Improved procurement efficiencies increase ASMO’s impact and sustainability

A change in management of the supply chain strengthened the sustainability of the Afghanistan Social Marketing Organization, a major source of contraception and other health products.

Image of ASMO products in a store
ASMO products.

ASMO is a significant contributor to health in the country. According to a SHOPS Plus analysis, approximately one in five users of modern contraceptives, oral rehydration salts, water treatment solutions, and iron supplement products source them from ASMO. In the past, ASMO has relied on donated commodities supplied through the global procurement system to achieve these outcomes. However, it has consistently experienced a cycle of stockouts and product expirations over the last decade that prevented it from achieving its full potential. There were wide variations in the time it takes between ASMO first requesting a donated commodity and the product reaching its doors. These delays are caused by geopolitical conflicts, both in Afghanistan and throughout the region, as well as the country’s nascent regulatory system. Varying lead times made it difficult to accurately forecast commodity needs, resulting in consistent stockouts. Additionally, donated commodities imported through the global procurement system were typically not branded and had to be repackaged with ASMO branding upon arrival. Long lead times getting the product into Afghanistan, combined with additional time to rebrand the product once it comes into the country, reduced the time available for ASMO to sell products before they expired.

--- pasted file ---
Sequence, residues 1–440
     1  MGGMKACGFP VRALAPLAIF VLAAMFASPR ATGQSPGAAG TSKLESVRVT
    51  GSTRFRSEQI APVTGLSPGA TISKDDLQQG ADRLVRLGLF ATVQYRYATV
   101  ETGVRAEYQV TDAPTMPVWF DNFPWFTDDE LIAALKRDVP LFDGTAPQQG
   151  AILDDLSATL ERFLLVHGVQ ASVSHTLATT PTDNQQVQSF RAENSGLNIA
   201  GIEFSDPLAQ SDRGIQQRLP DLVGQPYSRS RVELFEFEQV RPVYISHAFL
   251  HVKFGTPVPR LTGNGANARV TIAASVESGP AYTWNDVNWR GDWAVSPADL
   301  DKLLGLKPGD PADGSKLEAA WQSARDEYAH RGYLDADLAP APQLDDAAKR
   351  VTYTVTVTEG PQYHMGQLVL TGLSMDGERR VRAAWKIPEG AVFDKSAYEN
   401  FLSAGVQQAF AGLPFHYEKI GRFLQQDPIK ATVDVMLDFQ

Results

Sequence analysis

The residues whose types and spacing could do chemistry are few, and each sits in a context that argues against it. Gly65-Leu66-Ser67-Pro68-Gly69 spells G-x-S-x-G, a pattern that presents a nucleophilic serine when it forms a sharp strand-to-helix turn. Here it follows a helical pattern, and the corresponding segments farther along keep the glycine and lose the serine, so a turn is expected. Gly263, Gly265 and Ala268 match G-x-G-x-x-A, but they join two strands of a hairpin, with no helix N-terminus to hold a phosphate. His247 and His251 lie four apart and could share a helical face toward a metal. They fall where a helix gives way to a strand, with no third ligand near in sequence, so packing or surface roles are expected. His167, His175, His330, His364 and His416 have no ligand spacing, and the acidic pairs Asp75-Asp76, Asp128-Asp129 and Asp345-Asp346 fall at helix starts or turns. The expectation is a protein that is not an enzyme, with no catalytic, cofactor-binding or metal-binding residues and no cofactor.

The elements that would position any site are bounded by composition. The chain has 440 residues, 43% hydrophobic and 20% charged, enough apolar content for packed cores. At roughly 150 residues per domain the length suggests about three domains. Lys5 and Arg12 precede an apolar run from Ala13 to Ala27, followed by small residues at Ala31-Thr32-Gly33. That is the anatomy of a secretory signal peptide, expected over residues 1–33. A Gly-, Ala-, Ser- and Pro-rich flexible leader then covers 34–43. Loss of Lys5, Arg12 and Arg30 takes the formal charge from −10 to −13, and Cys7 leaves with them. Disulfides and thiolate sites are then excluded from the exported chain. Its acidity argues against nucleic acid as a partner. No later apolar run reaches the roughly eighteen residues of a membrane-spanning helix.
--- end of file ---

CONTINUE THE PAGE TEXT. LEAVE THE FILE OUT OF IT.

SHOPS Plus proposed that shifting to regional procurement could improve these efficiencies, address stockouts, and reduce the costs of getting ASMO’s products to market. In response, the project deployed a strategy to help ASMO procure commodities directly from regional suppliers. First, the project strengthened ASMO’s international procurement capacity and internal systems for commodity forecasting, reorder points, and reorder quantity. The project then worked with ASMO to identify qualified manufacturers that meet Afghanistan’s quality and regulatory requirements, review tender terms, and support negotiations between ASMO and manufacturers. ASMO now uses program income to purchase custom-branded, pre-packaged commodities directly from regional manufacturers.

Women packing ASMO products
Women packing ASMO Products.


The regional procurement approach has already yielded significant results including an 18 percent gain in commodity shelf life on delivery, 71 percent savings in time required to procure commodities, and 67 percent reduction in cost to procure commodities. Several factors contributed to these achievements:

  1. ASMO could shorten procurement lead times by controlling the process itself and reducing the number of intermediaries
  2. Regional suppliers would better understand geo-political challenges associated with getting products to ASMO and implement appropriate solutions
  3. ASMO’s direct engagement in the procurement process would allow it to leverage its relationships and reputation to expedite local processes
  4. ASMO could negotiate for custom-branded, pre-packaged commodities with regional suppliers, thereby shortening the time required to get products to market

Collectively, these factors have resulted in significant cost savings and reduced stock outs that directly improve ASMO’s sustainability and health impact.




Sustaining Health Outcomes through the Private Sector (SHOPS) Plus is a five-year cooperative agreement (AID-OAA-A-15-00067) funded by the United States Agency for International Development (USAID). This website is made possible by the generous support of the American people through USAID. The information provided on this website is not official U.S. government information and does not represent the views or positions of USAID or the U.S. government.

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